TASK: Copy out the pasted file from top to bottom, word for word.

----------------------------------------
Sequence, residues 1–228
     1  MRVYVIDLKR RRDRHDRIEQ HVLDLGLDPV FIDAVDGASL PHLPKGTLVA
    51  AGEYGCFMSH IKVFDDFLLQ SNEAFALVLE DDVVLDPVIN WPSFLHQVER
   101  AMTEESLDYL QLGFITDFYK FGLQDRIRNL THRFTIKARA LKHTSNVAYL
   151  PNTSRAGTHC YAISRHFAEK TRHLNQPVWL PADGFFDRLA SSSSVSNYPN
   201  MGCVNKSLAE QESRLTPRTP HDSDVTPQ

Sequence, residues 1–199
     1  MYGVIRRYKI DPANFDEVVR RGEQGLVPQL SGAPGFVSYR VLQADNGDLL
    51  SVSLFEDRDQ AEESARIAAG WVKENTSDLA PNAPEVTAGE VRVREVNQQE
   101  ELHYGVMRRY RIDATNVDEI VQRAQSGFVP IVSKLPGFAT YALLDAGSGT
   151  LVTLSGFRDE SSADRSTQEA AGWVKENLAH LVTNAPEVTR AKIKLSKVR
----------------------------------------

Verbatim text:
Sequence, residues 1–228
     1  MRVYVIDLKR RRDRHDRIEQ HVLDLGLDPV FIDAVDGASL PHLPKGTLVA
    51  AGEYGCFMSH IKVFDDFLLQ SNEAFALVLE DDVVLDPVIN WPSFLHQVER
   101  AMTEESLDYL QLGFITDFYK FGLQDRIRNL THRFTIKARA LKHTSNVAYL
   151  PNTSRAGTHC YAISRHFAEK TRHLNQPVWL PADGFFDRLA SSSSVSNYPN
   201  MGCVNKSLAE QESRLTPRTP HDSDVTPQ

Sequence, residues 1–199
     1  MYGVIRRYKI DPANFDEVVR RGEQGLVPQL SGAPGFVSYR VLQADNGDLL
    51  SVSLFEDRDQ AEESARIAAG WVKENTSDLA PNAPEVTAGE VRVREVNQQE
   101  ELHYGVMRRY RIDATNVDEI VQRAQSGFVP IVSKLPGFAT YALLDAGSGT
   151  LVTLSGFRDE SSADRSTQEA AGWVKENLAH LVTNAPEVTR AKIKLSKVR